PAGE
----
Obama’s surveillance reforms don’t inspire confidence

Critics say the steps do not go far enough

August 10, 2013 07:59 am | Updated November 16, 2021 09:32 pm IST - Washington

President Barack Obama listens to a question from a reporter during a news conference in Washington on Friday.

President Barack Obama listens to a question from a reporter during a news conference in Washington on Friday.

In a balancing act, U.S. President Barack Obama outlined reforms to prevent abuse of controversial U.S. domestic surveillance programmes that he insisted help keep America safe, but critics said the steps did not go far enough.

“Given the history of abuse by governments, it is right to ask questions about surveillance, particularly as technology is reshaping every aspect of our lives,” Mr. Obama said on Friday amidst a public outcry over U.S. intelligence gathering measures.

“It’s not enough for me as President to have confidence in these programmes,” Mr. Obama said during a news conference in the East Room of the White House.

“The American people need to have confidence as well.”

The National Security Agency (NSA)’s domestic surveillance programmes, including one that monitors the metadata of domestic phone calls, have come under the scanner following their disclosure by former NSA contractor Edward Snowden, who has been given a one-year asylum by Russia.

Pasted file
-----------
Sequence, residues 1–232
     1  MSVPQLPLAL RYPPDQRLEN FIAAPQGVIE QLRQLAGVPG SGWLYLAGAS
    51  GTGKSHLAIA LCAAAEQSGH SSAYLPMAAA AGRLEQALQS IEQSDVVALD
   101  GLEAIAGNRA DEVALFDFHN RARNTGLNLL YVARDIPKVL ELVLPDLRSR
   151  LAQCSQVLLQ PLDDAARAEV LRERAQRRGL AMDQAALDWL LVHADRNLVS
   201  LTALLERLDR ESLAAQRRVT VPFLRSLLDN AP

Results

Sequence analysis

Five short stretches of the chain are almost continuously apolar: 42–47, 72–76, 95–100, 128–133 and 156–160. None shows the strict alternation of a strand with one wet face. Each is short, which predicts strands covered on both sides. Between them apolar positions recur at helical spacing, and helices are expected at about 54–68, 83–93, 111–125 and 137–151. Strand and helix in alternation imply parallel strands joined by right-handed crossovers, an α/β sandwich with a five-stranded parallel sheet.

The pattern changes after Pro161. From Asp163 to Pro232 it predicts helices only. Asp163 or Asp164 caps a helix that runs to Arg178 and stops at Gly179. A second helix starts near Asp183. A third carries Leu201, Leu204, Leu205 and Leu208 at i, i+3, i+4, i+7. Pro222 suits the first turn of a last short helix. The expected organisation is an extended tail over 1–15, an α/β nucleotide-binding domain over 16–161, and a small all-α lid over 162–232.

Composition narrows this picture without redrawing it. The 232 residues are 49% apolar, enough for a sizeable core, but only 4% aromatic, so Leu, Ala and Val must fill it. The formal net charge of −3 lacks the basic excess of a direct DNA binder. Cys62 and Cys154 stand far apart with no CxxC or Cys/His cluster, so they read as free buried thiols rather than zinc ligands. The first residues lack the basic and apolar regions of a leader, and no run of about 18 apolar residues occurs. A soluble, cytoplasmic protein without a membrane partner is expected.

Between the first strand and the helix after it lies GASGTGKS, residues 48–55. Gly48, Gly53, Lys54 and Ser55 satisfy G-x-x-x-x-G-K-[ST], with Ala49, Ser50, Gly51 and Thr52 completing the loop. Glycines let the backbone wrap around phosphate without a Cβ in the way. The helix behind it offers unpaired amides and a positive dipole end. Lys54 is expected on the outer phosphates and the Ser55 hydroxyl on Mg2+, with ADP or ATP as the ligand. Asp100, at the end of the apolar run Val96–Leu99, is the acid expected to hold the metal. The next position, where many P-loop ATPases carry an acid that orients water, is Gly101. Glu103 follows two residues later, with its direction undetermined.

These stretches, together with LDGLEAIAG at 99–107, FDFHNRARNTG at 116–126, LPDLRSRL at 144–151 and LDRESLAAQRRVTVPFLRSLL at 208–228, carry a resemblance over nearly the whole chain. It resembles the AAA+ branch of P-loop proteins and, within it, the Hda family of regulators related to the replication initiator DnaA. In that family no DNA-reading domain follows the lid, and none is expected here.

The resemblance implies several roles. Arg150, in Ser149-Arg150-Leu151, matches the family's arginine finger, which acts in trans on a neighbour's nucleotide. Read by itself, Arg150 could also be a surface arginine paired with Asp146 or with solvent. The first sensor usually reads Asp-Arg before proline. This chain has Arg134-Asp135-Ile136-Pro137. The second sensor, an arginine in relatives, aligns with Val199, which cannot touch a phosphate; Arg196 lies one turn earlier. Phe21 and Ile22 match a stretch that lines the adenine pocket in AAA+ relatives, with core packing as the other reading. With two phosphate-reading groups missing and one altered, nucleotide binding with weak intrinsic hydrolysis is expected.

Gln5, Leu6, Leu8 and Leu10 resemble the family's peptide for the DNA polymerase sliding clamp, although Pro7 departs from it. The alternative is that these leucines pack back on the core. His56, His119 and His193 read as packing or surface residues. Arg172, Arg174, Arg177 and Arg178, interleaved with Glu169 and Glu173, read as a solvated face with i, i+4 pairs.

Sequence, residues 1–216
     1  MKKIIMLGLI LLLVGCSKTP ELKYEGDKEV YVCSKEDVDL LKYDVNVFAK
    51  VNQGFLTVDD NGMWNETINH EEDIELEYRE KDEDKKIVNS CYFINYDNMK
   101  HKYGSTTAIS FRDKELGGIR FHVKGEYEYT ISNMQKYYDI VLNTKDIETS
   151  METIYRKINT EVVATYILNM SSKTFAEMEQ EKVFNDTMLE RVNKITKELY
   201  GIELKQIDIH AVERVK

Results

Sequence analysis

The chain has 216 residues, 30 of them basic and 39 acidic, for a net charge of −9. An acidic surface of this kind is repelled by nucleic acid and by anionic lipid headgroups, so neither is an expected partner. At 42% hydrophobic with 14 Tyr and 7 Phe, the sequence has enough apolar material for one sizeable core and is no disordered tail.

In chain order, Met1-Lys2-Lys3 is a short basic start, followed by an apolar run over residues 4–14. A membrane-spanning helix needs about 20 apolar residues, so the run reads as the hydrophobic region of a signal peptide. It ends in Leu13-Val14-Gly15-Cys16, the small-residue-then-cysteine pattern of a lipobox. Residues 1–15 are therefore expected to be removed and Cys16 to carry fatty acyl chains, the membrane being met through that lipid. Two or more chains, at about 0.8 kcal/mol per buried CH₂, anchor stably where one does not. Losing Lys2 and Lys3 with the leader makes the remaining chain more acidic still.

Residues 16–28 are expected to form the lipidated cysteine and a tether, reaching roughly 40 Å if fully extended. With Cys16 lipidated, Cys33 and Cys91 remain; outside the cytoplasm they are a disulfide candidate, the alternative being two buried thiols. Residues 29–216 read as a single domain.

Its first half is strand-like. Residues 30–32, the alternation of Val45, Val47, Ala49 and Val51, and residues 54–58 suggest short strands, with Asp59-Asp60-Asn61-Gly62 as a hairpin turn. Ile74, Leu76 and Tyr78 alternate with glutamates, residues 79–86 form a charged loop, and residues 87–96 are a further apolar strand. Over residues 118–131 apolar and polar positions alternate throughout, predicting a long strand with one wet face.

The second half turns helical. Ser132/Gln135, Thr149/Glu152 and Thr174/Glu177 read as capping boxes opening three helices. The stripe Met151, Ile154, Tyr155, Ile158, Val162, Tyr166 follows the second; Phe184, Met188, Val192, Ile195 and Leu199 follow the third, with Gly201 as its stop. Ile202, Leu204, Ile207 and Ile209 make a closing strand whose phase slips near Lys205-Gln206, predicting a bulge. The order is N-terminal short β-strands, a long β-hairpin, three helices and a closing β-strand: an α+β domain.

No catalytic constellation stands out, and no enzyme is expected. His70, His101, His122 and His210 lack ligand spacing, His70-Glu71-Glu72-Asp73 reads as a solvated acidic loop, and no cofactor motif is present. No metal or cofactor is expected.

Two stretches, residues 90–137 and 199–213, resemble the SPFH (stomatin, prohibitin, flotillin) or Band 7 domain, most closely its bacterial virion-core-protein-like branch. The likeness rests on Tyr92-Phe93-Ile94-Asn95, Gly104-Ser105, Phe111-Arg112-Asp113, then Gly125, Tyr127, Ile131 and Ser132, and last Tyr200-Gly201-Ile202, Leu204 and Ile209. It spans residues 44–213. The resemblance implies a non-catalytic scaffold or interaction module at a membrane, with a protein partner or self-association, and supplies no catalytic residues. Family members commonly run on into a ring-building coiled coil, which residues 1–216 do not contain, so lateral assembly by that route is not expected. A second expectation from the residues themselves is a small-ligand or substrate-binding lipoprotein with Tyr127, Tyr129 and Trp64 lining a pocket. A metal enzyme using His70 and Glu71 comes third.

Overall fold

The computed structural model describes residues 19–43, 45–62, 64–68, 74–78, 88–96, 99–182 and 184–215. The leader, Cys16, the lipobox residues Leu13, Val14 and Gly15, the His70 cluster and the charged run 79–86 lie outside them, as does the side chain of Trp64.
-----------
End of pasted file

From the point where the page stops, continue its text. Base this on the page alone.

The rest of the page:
Four steps aimed at reassuring the public outlined by Mr. Obama included working with Congress to reform Section 215 of the Bush-era Patriot Act, which governs the programme that collects telephone records.

To add an adversarial voice, he has also proposed appointing a lawyer to argue against the government at the Foreign Intelligence Surveillance Court, which is accused of essentially rubber-stamping official requests to scour electronic records.

He also announced the formation of a group of external experts to review all U.S. government intelligence and communications technologies.

Mr. Obama has also directed justice department to declassify the legal rationale for the government’s phone-data collection, and said NSA would put in place a “civil liberties and privacy officer”.

But the “legal rationale” presented in a 22-page “white paper”, according to The Washington Post, asserted “a bold and broad power to collect the phone records of millions of Americans in order to search for a nugget of information that might thwart a terrorist attack”.

“The release of the white paper appeared to do little to allay the concerns of critics in Congress and the civil liberties community who say the surveillance programme violates Americans’ right to privacy,” the influential U.S. daily noted.

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